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 High-Def DVD Hardware Modifications Are Necessary to Implement Upcoming Content Protection Technologies
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Message Text: The Advanced Access Content System (AACS) content protection technology used in HD DVD and Blu-Ray formats finaly implements the revocation of compromised devices and Audio Watermarking functionalities.

Both new technologies are included in the final specifications of the AACS system and are expected to act against copying and ripping high-definition videos from Blu-ray and HD DVD discs.

As is has been widely discussed, the AACS technology requires the interaction of both player and the HD-DVD/Blu-Ray disc (movie) in order to allow a movie to be played. Both players and movies include specific keys that are essential for the authentication process that allows the reproduction of a disc. An AACS-secure player key is combined with a disk key (read from the disk) to create a new content key, which is used to descramble the contents. However, the weakness of the system was unveiled within months of HD disks coming to market: a software player for the PC became compromised, as someone found the player key hidden in system memory. In the following months, over 100 content keys were published on the Internet, offering customers an easy way to bypass the AACS protection. As a result, the AACS LA had to accelerate the implementation of the hardware revocation technology.

"Designers of AACS contemplated such a problem and made it possible to revoke a compromised player," says ABI Research principal analyst Steve Wilson. "The revocation feature is a significant new capability of the HD DVD content protection system, as players can be revoked by changing the disk key on new DVD releases. This key, when combined with a targeted player key, will fail to create a key that can descramble the disk contents. And in order for the new disks to work, the player needs to be updated to a new version."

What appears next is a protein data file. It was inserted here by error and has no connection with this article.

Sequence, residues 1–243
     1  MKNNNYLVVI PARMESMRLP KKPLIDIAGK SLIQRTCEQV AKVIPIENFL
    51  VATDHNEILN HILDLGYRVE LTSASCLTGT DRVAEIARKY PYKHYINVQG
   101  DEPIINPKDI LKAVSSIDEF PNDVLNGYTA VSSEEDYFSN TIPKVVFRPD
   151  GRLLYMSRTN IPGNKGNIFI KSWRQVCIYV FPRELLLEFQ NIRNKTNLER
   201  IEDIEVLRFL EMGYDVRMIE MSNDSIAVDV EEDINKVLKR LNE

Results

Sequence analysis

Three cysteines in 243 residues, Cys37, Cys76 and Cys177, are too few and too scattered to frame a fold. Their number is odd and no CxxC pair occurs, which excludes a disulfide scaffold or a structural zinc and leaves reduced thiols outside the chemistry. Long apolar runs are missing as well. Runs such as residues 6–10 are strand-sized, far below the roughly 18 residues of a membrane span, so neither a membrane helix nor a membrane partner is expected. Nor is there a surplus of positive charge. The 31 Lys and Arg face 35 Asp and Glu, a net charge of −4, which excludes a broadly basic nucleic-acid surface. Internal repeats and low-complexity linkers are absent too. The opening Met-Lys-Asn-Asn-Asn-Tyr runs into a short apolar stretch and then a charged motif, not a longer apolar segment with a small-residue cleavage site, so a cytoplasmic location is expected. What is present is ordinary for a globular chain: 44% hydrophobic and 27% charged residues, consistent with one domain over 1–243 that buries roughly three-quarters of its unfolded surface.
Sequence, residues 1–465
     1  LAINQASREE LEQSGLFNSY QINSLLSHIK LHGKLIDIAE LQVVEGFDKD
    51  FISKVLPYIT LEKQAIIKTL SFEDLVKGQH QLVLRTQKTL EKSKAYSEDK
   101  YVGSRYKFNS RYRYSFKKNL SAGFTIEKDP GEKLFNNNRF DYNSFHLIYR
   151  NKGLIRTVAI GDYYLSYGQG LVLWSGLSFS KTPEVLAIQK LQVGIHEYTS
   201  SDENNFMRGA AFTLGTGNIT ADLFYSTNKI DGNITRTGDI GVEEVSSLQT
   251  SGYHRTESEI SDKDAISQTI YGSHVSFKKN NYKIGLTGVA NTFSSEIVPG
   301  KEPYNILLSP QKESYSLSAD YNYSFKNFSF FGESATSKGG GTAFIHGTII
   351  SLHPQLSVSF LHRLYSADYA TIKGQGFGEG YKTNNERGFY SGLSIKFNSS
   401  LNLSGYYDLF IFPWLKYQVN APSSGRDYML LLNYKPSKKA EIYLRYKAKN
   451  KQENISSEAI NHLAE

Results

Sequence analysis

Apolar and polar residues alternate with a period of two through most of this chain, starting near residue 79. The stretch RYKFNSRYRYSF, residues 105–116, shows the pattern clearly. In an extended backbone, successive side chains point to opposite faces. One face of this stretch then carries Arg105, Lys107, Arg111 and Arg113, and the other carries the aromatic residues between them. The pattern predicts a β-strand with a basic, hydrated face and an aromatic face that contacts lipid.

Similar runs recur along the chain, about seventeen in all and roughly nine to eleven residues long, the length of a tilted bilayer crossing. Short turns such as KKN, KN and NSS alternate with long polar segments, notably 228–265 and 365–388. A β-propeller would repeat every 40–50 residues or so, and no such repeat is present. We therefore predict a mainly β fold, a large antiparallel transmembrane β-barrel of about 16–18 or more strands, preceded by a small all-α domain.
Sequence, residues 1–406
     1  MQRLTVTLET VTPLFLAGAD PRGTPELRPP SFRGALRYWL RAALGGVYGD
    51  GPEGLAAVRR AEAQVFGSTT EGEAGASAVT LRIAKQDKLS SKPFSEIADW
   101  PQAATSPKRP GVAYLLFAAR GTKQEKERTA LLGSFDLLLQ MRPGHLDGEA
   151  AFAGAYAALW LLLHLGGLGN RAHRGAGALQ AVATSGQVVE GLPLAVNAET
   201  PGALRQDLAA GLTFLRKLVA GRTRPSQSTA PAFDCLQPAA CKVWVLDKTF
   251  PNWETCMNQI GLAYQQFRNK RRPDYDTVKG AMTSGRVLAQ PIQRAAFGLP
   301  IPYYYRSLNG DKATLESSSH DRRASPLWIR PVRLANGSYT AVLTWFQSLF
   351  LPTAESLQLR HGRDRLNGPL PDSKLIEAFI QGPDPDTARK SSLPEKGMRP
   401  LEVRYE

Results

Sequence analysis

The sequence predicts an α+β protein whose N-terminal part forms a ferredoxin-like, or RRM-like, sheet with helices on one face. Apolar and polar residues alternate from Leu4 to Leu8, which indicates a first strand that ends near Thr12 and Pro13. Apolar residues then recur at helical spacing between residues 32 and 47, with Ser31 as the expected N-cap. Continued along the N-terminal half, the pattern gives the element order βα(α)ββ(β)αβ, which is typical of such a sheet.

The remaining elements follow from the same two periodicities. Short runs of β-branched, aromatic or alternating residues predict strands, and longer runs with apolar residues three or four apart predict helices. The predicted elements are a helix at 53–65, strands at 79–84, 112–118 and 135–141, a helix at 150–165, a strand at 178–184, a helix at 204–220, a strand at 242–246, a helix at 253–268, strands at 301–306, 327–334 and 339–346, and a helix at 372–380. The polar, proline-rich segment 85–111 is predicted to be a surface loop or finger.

So no matter if we are talking about a software or a hardware HD DVD/Blu-Ray player, the new movie discs require players to be frequently updated. The update procedure in case of a HD player is done through the internet.

Another weapon against copying high-definition videos is the Audio Watermarking technology. It was part of the Final AACS specifications, together with the Managed Copy and the Digital Only Token technologies. Audio Watermark is again used as a discretion of content providers to combat piracy. An inaudible signal is inserted into the audio track of a HD movie. However, the hardware released in the past and was designed according to the interim AACS specifications are not able to support Audio Watermark, unless they are updated. On the other hand, hardware that support the Final AACS specs will detect and respond to the Watermark in pirated content.

"The watermarking process tags audio content in such a way that analog copies will be rejected by the player," said ABI Research. "Content owners could unobtrusively tag their original source material and facilitate source detection of pirated material." Watermarking is already in use in theatre content source.

"Watermarking algorithms and techniques are not secret," concludes ABI Research. "But in order to break the watermark, they would require access to encryption keys which can be stored in protected hardware locations. Such hardware resources are becoming commonplace in consumer electronics solutions."

AACS hopes that the new technologies will be able to stop the piracy of HD DVD and Blu-Ray content. However, it is unclear whether this required frequent update in the firmware of the HD DVD and Blu-Ray hardware will be easily followed by hardware makers, and of course the consumers themselves.

Other technologies included in the AACS final specifications include the Managed Copy, the Image Constrain Token and the Digital Only Token.

Managed Copy technologies such as the CPRM, VCPS, WMDRM and MagicGate are set to enable authorized movement of content onto portable devices and home networks. First generation of Blu-Ray and HD DVD hardware were allowed to be managed copy-ready.

Image Constrain Token is a technology applicable to the analog outputs of a player. It restricts the output of Full High Definition content through the analog ports of a player, downsizing it at a resolution of 960x540 p - still higher than current standard DVDs. It was an optional measure proposed in order to encourage industry to adopt protected digital interconnection such as the HDMI.

Digital Only Token further restricts content from flowing out of analog outputs. But if employed, the discs are required to be clearly labeled to avoid consumer confusion.

But the goal of the AACS LA is to completely phase-out the analog outputs in hardware as well as the analog broadcastings in the U.S. and Japan, possibly by 2013. In 2010, analog outputs are expected to be limited to SD Interlace modes only (i.3., Composite, S-Video, 480i component).
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